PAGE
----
Wednesday, April 29, 2009

granola with extra fruit

California is called the Golden State, but it would rather be called the Green State. There may very well be more vegans than Republicans in the Bay Area, and people say "organic produce" and "locally grown" as if they were holy words. I admit that I have some green tendencies -- I bring my own bags to the grocery store, and I drive a Prius, but I draw the line well short of growing my own vegetables to feed to the chickens I'm raising in my backyard in order to be 100% sure that they produce organic, cruelty-free eggs. (Yes, people actually do that. It's commendable but insane, especially if the people have jobs and kids. Who has time to tend to chickens?)

I've met many people who are at various crunchy stages on the granola continuum (see chicken owners, above), but I met my first completely, ridiculously over-the-top one recently. Oddly enough, she is originally from Texas, not a state I really associate with crunchy granola types.

Over dinner, this self-proclaimed "free spirit" informed us that:

(1) She and her husband still "co-sleep" with their two kids (ages 7 and 10) in one bed.
(2) She is a recent subscriber to the "raw food" movement, and will be getting her very own food dehydrator soon.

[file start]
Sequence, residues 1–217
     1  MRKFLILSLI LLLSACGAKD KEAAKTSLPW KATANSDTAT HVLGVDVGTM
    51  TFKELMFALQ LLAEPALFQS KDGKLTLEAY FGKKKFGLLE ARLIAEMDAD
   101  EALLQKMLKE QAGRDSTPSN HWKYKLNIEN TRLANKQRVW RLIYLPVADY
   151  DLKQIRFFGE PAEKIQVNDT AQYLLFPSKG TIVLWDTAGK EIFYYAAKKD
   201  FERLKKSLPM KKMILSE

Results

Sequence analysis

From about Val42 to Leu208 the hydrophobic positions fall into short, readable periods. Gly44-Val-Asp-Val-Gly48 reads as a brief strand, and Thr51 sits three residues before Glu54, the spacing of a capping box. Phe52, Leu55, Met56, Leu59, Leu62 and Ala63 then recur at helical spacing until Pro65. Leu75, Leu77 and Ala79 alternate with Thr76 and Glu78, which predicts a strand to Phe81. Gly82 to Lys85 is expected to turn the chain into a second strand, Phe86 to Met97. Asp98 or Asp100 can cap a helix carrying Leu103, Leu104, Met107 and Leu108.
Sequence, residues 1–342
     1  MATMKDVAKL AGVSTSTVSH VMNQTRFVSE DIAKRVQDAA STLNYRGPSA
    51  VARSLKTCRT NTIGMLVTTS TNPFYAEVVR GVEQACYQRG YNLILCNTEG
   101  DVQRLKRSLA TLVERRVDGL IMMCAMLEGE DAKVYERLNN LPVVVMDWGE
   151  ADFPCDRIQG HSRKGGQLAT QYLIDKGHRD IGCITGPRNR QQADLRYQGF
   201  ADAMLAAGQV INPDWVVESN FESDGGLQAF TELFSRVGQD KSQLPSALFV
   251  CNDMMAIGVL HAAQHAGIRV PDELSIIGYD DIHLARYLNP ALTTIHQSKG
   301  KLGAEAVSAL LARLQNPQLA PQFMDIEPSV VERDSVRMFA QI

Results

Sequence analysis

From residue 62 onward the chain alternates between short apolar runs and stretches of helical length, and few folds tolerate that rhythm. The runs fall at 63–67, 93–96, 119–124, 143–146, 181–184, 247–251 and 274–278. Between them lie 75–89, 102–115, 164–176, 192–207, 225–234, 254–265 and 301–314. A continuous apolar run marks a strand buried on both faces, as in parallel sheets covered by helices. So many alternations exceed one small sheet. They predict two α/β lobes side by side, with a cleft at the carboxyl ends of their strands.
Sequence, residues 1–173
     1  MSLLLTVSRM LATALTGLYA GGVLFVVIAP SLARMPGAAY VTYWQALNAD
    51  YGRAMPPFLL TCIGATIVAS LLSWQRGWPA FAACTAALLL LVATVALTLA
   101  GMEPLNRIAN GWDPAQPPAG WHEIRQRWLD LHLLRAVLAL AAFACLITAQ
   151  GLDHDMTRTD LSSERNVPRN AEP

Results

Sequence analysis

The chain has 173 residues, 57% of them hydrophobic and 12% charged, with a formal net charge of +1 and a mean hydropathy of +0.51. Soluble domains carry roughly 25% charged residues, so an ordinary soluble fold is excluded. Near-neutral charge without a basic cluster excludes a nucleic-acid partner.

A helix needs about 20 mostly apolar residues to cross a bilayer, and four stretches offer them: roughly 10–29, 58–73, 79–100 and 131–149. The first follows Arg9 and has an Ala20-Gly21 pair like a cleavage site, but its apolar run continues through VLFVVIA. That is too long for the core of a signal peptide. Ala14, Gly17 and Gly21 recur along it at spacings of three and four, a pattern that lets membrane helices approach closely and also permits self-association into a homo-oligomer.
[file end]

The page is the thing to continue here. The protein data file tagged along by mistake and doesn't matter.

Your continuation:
(3) She only gives her children raw milk, because heating the milk during pasteurization kills all the good stuff (presumably she meant something other than dangerous bacteria), leaving nothing but "cow pus." (Is "cow pus" more nutritious if it hasn't been heated? If she thinks milk is basically just pus, why drink it at all, heated or unheated?)

She spouted a lot more entertaining fruitcake dogma that I won't go into. What I love, though, and what she doesn't know, is that her husband secretly gorges himself on chicken wings and pizza when he's at work. I don't blame him, if the food he gets at home is not only raw, but dehydrated. Yum.

Thursday, April 16, 2009

too late

This came too late for me. I suffered through a lot of transatlantic flights sitting next to wheezing rhino behemoths who couldn't keep their massive bulk out of my seat. No amount of passive-aggressive elbows and lowered armrests can save you from The Fat Travelers Who Refuse To Acknowledge That They Can't Fit Into One Seat And Then Give You Dirty Looks For Trying To Use All Of The Seat That You, The Reasonably-Sized Person, Paid For, But Which They Think They're Entitled To Encroach Upon Because They Can't Resist Hostess Cupcakes.

Maybe this will end their reign of terror. Although I'm not sure that the airlines will actually enforce it, since there were similar policies already in place, which I always hoped would be used, but never were, at least not when they could have rescued me from on-board hippo-wrestling.

Next, they should let passengers of below-average weight bring more luggage. Seriously. It's only fair.

And don't even get me started on babies and young children. Do you remember when there used to be smoking on planes, and there was a smoking section and a non-smoking section? Yeah, they need to do that with babies and kids now. Put them in their own soundproof cabin, and everyone will be happier, except the parents, perhaps.